• Lower costs for businesses by covering (i.e. shifting to the public sector) a portion of the catastrophic health costs they pay in return for lower premiums for employees (in other words businsses would buy less insurance for a lower price).
This proposes shifting some catastrophic health care costs from the private insurance sector to some public taxpayer-supported sector. This would be a re-insurance umbrella for health insurance companies. Spreading risk over a larger population is a popular and proven risk management technique. But there is no reason to believe that this would help save on overall health care costs.

  • Prevent insurers from overcharging doctors for their malpractice insurance and invest in proven strategies to reduce preventable medical errors (as if natural market forces are not already pushing the health are industry to do everything possible to prevent these tragic and costly errors).
This is simply not realistic. The primary component of malpractice insurance cost is claim payout, not insurance company markups! If we want to address malpractice insurance cost then we must address the real issue - high claim awards. Making insurers the scape goat is not a real answer. Was this portion written by the ABA? Where is the statement about reforming jury awards? Additional legislation to address malpractice insurance pricing might drive down the price by 10% at most. This is not the type of reform that Americans are seeking. Americans want a leader with the fortitude to stand up to the bar association and reduce malpractice awards. Nothing less will work.

  • Make employer contributions more fair by requiring large employers that do not offer coverage or make a meaningful contribution to the cost of quality health coverage for their employees to contribute a percentage of payroll toward the costs of their employees' health care.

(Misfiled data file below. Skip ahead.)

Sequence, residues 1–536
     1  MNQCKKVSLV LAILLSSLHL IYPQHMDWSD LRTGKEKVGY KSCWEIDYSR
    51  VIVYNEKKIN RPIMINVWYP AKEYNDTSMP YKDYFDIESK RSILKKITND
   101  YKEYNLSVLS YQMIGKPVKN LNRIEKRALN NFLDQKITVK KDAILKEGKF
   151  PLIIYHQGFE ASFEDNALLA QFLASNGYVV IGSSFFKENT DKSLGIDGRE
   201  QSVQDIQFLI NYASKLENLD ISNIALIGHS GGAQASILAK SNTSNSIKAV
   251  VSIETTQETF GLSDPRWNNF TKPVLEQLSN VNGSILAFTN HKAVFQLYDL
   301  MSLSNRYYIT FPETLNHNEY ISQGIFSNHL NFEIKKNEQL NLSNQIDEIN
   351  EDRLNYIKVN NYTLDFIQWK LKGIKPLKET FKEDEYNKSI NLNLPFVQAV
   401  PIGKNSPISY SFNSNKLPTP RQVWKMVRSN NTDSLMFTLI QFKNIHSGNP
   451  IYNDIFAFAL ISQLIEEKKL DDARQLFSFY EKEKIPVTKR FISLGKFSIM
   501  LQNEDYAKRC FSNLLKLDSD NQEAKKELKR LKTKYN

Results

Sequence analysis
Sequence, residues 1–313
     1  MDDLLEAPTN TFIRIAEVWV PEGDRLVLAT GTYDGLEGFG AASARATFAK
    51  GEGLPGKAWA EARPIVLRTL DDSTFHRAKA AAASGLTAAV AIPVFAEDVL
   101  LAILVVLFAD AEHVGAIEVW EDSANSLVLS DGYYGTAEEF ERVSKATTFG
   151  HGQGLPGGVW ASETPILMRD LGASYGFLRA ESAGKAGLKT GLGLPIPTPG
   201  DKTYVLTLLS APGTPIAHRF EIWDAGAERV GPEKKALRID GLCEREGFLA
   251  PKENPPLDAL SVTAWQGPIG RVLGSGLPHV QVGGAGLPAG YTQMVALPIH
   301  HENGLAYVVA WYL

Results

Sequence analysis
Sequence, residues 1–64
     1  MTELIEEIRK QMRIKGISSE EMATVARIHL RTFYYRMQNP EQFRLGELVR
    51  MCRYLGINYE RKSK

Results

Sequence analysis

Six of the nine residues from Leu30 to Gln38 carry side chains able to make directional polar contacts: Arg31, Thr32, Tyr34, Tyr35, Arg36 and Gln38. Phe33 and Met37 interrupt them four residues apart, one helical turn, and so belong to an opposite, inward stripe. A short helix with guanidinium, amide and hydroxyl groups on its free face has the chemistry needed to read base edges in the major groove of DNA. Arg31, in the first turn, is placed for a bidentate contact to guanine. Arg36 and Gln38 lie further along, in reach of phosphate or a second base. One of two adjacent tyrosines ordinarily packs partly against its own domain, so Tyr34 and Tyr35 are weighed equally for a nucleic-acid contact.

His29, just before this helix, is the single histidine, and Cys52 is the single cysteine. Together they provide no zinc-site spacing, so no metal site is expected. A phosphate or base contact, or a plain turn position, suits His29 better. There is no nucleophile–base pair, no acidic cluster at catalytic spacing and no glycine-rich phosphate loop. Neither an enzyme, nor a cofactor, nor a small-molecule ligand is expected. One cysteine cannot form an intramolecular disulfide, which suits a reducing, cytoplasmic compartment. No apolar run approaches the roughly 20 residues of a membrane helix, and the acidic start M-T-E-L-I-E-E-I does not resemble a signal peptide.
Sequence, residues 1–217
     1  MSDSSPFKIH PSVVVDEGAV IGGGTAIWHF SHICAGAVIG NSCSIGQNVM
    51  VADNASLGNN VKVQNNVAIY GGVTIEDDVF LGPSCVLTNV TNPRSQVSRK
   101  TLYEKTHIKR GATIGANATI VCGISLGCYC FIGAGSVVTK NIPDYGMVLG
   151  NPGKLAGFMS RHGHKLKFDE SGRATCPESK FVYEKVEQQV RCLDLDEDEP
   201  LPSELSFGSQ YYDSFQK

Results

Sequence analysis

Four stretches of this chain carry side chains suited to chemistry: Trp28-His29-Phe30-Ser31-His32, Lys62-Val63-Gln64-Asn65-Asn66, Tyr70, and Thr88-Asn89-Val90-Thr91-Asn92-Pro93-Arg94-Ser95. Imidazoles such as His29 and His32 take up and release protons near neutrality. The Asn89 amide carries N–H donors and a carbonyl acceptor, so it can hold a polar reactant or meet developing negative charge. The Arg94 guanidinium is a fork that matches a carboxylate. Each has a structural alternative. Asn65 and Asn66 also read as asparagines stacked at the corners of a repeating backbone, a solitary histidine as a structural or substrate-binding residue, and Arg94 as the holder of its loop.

States like CA have already tackled this issue in ballot initiatives so we may feel confident predicting that this is no big deal and will have no significant effect. First of all, almost large insurers do offer health insurance. Secondly, it is the employees, rather than the employer who controls the decision to "opt-out" of the cost of employer provided coveragve. The recently adopted Wal-mart employee health plan is a perfect example; it certainly has not shaken up the health care market or dramatically affected the health care of its employees There is no reason to believe hat more of the same will make any difference - especially at the large employer level.

In contrast, if such a proposal were made for small employers it would be seen as revolutionary - and also controversial. But we do not see this type of dramatic and meaningful change tackled in this section or any other portion of the Obama plan.

  • Establish a National Health Insurance Exchange (presumes a shift of control of health insurance from the state to federal level - no easy feat!) with a range of private insurance options as well as a new public plan based on benefits available to members of Congress that will allow individuals and small businesses to buy affordable health coverage.
What is affordable about the congressional health insurance plan? Most people who do not have health insurance could not come up with cash to pay for this type of coverage, even if it were required by law. But the kicker is that Obama is not proposing that coverage be required. Instead this proposal seems to say that if we make insurance attractively priced then more people will buy it. Research results published by the government within the past year indicate that this is not the case. Obama's plan directly contradicts the findings of the National Institute of Health Care Management. (See "Covering the Uninsured - 2008 Update").

  • Ensure everyone who needs it will receive a tax credit for their premiums.
This is a yawn to the rougly80% of Americans who already directly or indirectly receive tax breaks for our health insurance premiums. Most of the other 20% do not have health insurance or do not pay taxes, so he point is mute. The small number of us (around 4%) who pay for health insurance with after tax money will certainly appreciate this provision.
Reduce Costs and Save a Typical American Family up to $2,500 as reforms phase in:
(We are still waiting for the cost reducing portion of the proposal).